Saturday, 14 May 2011


I listened to some of the debate/ discussion  about whether women as priests and bishops between John Richardson and Christina Rees on Unbelievable!, a discussion programme on Premier Christian Radio this afternoon. It was all rather civilised ( which is good) and they both put forward arguments from the bible. As I was listening, I thought again that scripture is so rich that it can be used to support so many different perspectives - otherwise why would we have so many denominations, let alone just different approaches?
I just can't help feeling that what it boils down to is that, whether we are liberal or conservative, we see and find in scripture our own particular preferences, prejudices, assumptions and world views. I really do feel that the roots of the views of those opposed to the ordination of women lie in ...well...their view of women and men and whether they see us as equal or not. And don't tell me that women are equal but different - or at least not if by "different" you mean unfit to be in authority over men in the church, or not called by God to a vocation of priestly ministry - because that is patently untrue, and it is unequal.


  1. You're very committed to this sort of thing! I would rather put shards of glass up my urethra than listen to Premier or Ugley JR for that matter.

    One of my claims to fame is that I once refused to appear on Premier as the Christian charity I represented want me to speak about the 'Christian witness' of the Christian charity - a well known (in the South East at least) provider of care for disabled people, They wanted me to talk about the Christian witness of the staff; I pointed out that most of the staff were non-Christian or nominal Christian and the charity charged the taxpayer £500 a week (more than the then going rate) - so where was the Christian witness? In the end the charity got a tame minister to say what I was supposed to say (lie). Hence be cautious what you believe when listening to the radio!

    I've never listened to Premier since!


  2. Ouch, you have a vivid imagination:)

    I don't listen to Premier very often and only tuned in because I'd heard JR and CR were on there. He sounds just a bit younger than I thought he would...otherwise it was as expected and did get a bit dull.

  3. In the end I think it's about God.

    A man is run over by a bus. As he lies dying a woman priest, who is passing, ministers the Last Rites to him. Minutes later he dies. So God says, 'tough on you, you were commended to me by a woman priest. Off you go, the Devil's waiting for you.' First, what sort of God requires Last Rites in order to welcome the soul of a sinner? Second, what sort of God, who does so require Last Rites, insists that they be administered by a clergyperson with a cock? It's a sterile debate and Jack Spong is quite right to refuse to engage in it any more than we should debate whether black person or an amputee can be a priest. Move on. (Not you, Sue, but the Church!)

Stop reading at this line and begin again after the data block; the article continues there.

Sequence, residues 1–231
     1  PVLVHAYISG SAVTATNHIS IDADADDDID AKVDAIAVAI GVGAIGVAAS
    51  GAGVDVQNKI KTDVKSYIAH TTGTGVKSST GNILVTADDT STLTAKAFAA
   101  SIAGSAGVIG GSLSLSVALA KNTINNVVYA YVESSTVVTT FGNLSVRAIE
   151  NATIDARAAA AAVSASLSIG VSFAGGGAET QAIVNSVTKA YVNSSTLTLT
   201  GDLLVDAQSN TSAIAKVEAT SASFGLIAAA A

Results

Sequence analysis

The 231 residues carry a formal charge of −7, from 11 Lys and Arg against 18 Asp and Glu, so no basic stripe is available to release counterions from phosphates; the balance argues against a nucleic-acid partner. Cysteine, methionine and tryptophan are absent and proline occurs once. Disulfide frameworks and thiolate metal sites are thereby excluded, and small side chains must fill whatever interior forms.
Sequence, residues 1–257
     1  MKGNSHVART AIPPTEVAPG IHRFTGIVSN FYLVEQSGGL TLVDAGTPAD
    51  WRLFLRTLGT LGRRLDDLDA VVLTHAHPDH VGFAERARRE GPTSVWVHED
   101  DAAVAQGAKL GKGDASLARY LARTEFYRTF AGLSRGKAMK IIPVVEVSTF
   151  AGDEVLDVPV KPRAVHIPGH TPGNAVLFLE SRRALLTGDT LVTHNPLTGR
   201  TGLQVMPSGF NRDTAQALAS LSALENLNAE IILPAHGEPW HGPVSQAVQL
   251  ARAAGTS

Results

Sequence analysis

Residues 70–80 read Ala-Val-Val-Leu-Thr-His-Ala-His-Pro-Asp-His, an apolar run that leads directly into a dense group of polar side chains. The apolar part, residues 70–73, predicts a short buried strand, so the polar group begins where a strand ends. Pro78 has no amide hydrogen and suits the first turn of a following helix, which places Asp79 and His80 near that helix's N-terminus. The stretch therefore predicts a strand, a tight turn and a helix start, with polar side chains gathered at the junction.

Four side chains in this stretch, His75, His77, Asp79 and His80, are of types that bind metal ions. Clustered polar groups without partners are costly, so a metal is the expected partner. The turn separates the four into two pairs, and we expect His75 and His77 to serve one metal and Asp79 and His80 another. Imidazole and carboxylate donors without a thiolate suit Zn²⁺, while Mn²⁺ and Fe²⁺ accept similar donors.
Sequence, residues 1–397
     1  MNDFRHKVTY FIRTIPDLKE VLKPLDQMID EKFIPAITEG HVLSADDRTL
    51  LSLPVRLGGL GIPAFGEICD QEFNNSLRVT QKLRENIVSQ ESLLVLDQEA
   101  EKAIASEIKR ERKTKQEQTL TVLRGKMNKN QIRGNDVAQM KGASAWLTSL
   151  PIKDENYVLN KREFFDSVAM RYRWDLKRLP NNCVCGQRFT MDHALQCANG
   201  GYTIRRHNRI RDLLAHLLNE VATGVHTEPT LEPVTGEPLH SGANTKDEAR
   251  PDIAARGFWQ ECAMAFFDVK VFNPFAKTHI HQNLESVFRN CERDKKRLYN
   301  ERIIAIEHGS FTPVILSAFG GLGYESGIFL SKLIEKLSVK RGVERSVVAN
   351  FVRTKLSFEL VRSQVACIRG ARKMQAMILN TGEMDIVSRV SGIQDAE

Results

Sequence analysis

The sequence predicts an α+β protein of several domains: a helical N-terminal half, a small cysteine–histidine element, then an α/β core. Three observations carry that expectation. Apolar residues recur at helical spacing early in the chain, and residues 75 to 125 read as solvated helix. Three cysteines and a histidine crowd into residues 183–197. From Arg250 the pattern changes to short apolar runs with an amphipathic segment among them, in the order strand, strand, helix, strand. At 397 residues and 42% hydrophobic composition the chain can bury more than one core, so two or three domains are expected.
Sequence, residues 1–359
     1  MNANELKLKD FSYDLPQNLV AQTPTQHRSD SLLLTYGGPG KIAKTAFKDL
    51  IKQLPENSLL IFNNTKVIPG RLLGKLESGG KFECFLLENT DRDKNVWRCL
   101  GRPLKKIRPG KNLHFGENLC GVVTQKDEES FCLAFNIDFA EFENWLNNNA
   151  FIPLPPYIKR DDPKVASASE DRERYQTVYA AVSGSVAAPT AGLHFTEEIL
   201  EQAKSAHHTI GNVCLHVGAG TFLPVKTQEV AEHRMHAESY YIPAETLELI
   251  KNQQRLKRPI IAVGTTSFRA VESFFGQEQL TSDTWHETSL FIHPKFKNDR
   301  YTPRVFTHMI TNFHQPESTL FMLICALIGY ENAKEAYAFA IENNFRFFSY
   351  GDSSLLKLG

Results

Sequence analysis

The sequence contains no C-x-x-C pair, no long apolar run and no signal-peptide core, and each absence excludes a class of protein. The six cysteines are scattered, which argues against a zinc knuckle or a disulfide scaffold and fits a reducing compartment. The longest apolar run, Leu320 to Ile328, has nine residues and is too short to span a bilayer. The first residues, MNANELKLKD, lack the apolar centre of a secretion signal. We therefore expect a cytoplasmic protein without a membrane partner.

4. Thanks Toby. I think the church needs to move on a lot. Sometimes I think I need to move on about the church not moving on and just say "stop being daft" to anyone spouting nonsense!

  5. Sue,
    Without going in to the actual issue, I would like to say that I wholeheartedly disagree with your statement that...

    "what it boils down to is that, whether we are liberal or conservative, we see and find in scripture our own particular preferences, prejudices, assumptions and world views."

    I am very uneasy with some of the things which the bible appears to present as true or right, for a start, it says that I am a wretched sinner deserving of eternal separation from God!

    I don't think the main problem is ordination of women, I think the problem is ordination in general, what people expect it to be, or to do, or to enable them to do which the 'unordained' cannot or should not.

    As for the idea that God demands 'Last rights' to welcome the soul of a sinner, it seems to me a concept which runs totally counter to the Gospel.

  6. Hi Peter,
    Yes...I would expect you to disagree with that statement based on previous comments.

    What problems do you think ordination in general presents us with?

    I don't think God requires last rites either, but I do think such rituals can be helpful to people, - rituals are about our needs as much as anything.